There’s no complex app that is completely bug-free. We need to debug not only logic flow but also user interface to make sure our app is okay. By debugging it under different environment or investigate reported issues, we try to make our app’s unwanted behaviour as low as possible.
I usually use this to test work flow and make sure the app logic is working as intended. For example the app is supposed to go into Loop A and stop at condition B rather than condition C, using breakpoint make it a lot easier to do so.
Way 1 : Xcode > Code Left (where you can see your line no.) > Click on it and you will see a blue arrow appear) > Breakpoint at the position you want > Run the simulator and see if it stop at the blue arrow position
*Note: When you clicked “Add Exception Breakpoint”, the app will stop at potential hazard point that is not noticeable by you and you can double check if it will cause crash or any serious issue.
Debug View Hierarchy (iOS 8 and above)
This can only work in iOS 8 and above in Xcode. This is very helpful when you have no idea if you elements are not displayed as intended or just being hidden behind. Xcode provides some settings for developer to examine their UIs (see attached photo) to have the better view at the UI sequence breakdown.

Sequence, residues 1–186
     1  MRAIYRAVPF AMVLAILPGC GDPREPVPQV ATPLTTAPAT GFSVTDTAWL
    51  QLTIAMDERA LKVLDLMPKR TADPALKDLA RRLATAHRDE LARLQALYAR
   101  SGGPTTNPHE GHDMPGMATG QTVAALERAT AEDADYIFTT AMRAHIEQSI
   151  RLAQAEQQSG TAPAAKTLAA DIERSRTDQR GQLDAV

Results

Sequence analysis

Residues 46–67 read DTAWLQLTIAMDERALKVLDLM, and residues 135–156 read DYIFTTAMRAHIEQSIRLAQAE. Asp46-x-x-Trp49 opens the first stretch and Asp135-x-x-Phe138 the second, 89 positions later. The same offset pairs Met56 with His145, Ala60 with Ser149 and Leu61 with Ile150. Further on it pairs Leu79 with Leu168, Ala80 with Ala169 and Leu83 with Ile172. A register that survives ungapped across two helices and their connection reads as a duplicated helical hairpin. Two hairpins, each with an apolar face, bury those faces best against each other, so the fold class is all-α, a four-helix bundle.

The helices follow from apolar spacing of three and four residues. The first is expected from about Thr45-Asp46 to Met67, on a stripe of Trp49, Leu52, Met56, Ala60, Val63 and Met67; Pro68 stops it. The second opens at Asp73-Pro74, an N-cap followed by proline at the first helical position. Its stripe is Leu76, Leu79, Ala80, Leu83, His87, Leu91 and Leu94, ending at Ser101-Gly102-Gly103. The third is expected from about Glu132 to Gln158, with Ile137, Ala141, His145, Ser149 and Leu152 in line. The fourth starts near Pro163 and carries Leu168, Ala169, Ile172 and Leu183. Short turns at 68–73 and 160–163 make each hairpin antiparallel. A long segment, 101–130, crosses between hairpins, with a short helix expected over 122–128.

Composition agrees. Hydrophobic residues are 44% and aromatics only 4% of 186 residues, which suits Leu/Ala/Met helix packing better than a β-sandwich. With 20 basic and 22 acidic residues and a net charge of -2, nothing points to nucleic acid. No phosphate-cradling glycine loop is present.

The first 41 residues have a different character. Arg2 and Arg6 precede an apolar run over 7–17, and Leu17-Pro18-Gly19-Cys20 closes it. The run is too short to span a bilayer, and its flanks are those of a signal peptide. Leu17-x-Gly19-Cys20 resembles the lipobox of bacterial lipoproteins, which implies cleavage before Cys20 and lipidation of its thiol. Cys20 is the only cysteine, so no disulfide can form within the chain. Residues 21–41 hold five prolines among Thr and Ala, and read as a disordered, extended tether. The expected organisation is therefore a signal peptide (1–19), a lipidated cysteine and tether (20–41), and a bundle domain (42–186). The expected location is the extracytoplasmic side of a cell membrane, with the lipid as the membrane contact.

Way 1 : Xcode > Run the app on simulator > Click on “Debug Hierarchy Mode”
A convenient place where you can println(or NSLog) variables or any bookmarked exception point.
Way 1 : Xcode> Console (bottom) > Breakpoint at the position you want > Get the variable (on the left console) > Right click to show “Print Description of…xxx”
Way 2 : Xcode> Console (bottom) > Breakpoint at the position you want > Go to the right console and click at the libd (last line) to have your input > type “po <variable>” to show your wanted response
*note: you can “po myArray.count” to show count or “po myDog.name” to get the property of an object
That’s right. Safari can play in a part when we are trying to debug styling in our simulator. When the backend gives you html and to present it with styling and scrollable with other features (more buttons or links..etc), one of the ways is to put the html together in webview with styling css. When you need to debug your html/css in simulator, you can open your Safari to get real-time response.
Way 1: Open Safari > Developer > iOS Simulator (Usually is the first one)
You will notice your simulator’s part will be highlighted like Chrome’s inspect element.